Gene Expression Measurements

Comb base RNA was isolated with Ambion TRI reagent (Applied Biosystems, Carlsbad, CA, USA), following the manufacturer's protocol. After removal of the comb, a part of the forehead was frozen in liquid nitrogen. Frozen comb base tissue was removed with a razor and disrupted with a hammer and bag. Samples were homogenized on a FastPrep-24 instrument (MP Biomedicals, Solon, OH, USA) in tubes with TRI and ceramic beads (Lysing matrix D, MP Biomedicals).

First strand cDNA for qPCR was made with Fermentas (St. Leon-Rot, Germany) RevertAid Reverse Transcriptase, using 10 mM dNTPs, RiboLock nuclease inhibitor, and oligo(dT)18 primer (Thermo Fisher Scientific, Freemont, CA, USA), according to the manufacturer's protocol. qPCR was performed with Maxima SYBR Green qPCR mastermix (Thermo Fischer Scientific) in 15 µl reactions with 0.3 M of each oligonucleotide primer on a Rotor-Gene 6000 real-time cycler (Corbett Research, Cambridge, UK). The PCR program consised of a 10 min activation step at 95°C, followed by 40 cycles of 15 s at 95°C, and 1 minute at 60°C. After cycling, products were melted by ramping the temperature from 72°C to 95°C. qPCR data was analysed with the comparative ΔΔCt method [62]. Target gene threshold cycle values were normalized by subtracting the geometric mean value of three reference genes, β2 microglobulin, TATA box binding protein, and RNA polymerase II subunit C1. A batch effect (due to individuals coming from two of the five batches comprising the cross) was included in the General Linear Model analysis, as well as weight at slaughter for all individuals, when comb mass was included in the model.

Linear Models and Expression

To ascertain the effects of differential gene expression from the two candidate genes in the QTL interval on the phenotypic trait, the gene expression levels (described above) were used in a linear model. The initial model to test gene expression was y (comb mass) = mean + batch + weight at slaughter + expression level (called either HAO1 or BMP2 in the model column in Tables 1 and 2). To test the effect of this on genotype an additional QTL genotype factor was added (model HAO1 + QTL and BMP2 + QTL in Tables 1 and 2). One measure of causality is that the additional of a candidate gene expression covariate should decrease the QTL genotype effect in this model, therefore these models were then checked against the model y = mean + batch + weight at slaughter + QTL genotype (QTL only model in Tables 1 and 2), to observe the drop in QTL significance. Additionally, two further models were also checked. These were y = mean + batch + weight at slaughter + BMP2 expression + HAO1 expression, and y = mean + batch + weight at slaughter + BMP2 expression + HAO1 expression+QTL genotype. These were fitted to check for the potential of gene interactions between both candidates affecting the trait.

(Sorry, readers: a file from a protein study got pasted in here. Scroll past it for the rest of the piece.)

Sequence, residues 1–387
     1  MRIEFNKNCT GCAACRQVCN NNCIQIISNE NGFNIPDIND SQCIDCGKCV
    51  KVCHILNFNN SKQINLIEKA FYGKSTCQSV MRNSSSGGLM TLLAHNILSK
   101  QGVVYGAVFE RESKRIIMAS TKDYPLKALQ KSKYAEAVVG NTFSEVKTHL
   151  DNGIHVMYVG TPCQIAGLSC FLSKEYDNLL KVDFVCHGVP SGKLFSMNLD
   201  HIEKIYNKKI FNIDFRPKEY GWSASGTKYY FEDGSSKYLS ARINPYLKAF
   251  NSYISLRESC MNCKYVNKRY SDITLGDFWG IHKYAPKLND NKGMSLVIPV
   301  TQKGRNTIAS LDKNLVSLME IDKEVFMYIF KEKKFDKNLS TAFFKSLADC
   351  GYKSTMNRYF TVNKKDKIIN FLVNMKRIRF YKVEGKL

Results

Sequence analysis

Linear models were also fitted to test the association between HAO1 and BMP2 levels with the other comb mass QTL identified. Initially, a basic model of y (gene expression level) = mean + batch + weight at slaughter + QTL genotype was fitted for each QTL separately. All significant QTL were then combined into a single model (y = mean + batch + QTL1 + QTL2, etc) to test for the global combined significance. This global model was then compared to the base model with only the chromosome 3 QTL genotype included.

Linear models were also used to test the effects of HAO1 and BMP2 expression levels on other related fecundity and bone morphometric traits. In this case, a model of y (trait of interest) = mean + weight at slaughter + QTL genotype (chromosome 3) + HAO1/BMP2 expression level was fitted.

Supporting Information

Figure S1.

Genetic map of the F8-L13 cross (autosomes only), with the location of F8-L13, F2-L13 and F2-OS QTL all marked on. Regions with more than one QTL from a cross (i.e. clusters of replicated QTL between crosses) are marked with red circles on the map.

doi:10.1371/journal.pgen.1002914.s001

(DOCX)

Table S1.

QTL locations (in Mb) and effect sizes for the three separate crosses. ‘Model’ refers to whether an additive, additive+dominance, or additive+dominance sex interaction model was used to detect that QTL. R2 gives the proportion of variance explained by that QTL. The significance of each QTL is given as a LOD score, and the position of each QTL is given in megabases (Mb). The additive and dominance effects of each QTL are given in the ‘Male/combined’ additive and dominance columns in the case of QTL detected using standard additive and additive+dominance models, with the ‘Female additive and dominance’ columns then blank. In the case of QTL detected using an additive+dominance sex interaction model, the male additive+dominance effects are given first in the ‘male additive+dominance’ columns, and the female additive+dominance effects are given in the second ‘female additive+dominance’ columns. The confidence interval (C.I.) of each QTL is calculated using a 1.8 LOD drop and then the closest marker outside this interval is then selected to determine genomic position. This range is then shown in the ‘CI’ column.

doi:10.1371/journal.pgen.1002914.s002

(DOCX)

Table S2.

Positions of QTL clusters in Mb and their overlap with selective sweeps. The locations of every sweep are given in Mb, followed by ‘LR’ to signify a layer-specific selective sweep, and ‘AD’ to signify an all-domestic selective sweep.

doi:10.1371/journal.pgen.1002914.s003

(DOCX)

Table S3.

Combined GLM coefficients and significance for comb mass and bone allocation in the F8L13 and F2OS crosses. Results show the combined models for bone traits modelled on comb mass. In addition to the bone traits, batch and bodyweight were also included in the model (i.e. the models used were: comb mass~batch+bodyweight+bone covariates). Metaphysis is abbreviated with met., diaphysis with diaph. for the bone variable names.

doi:10.1371/journal.pgen.1002914.s004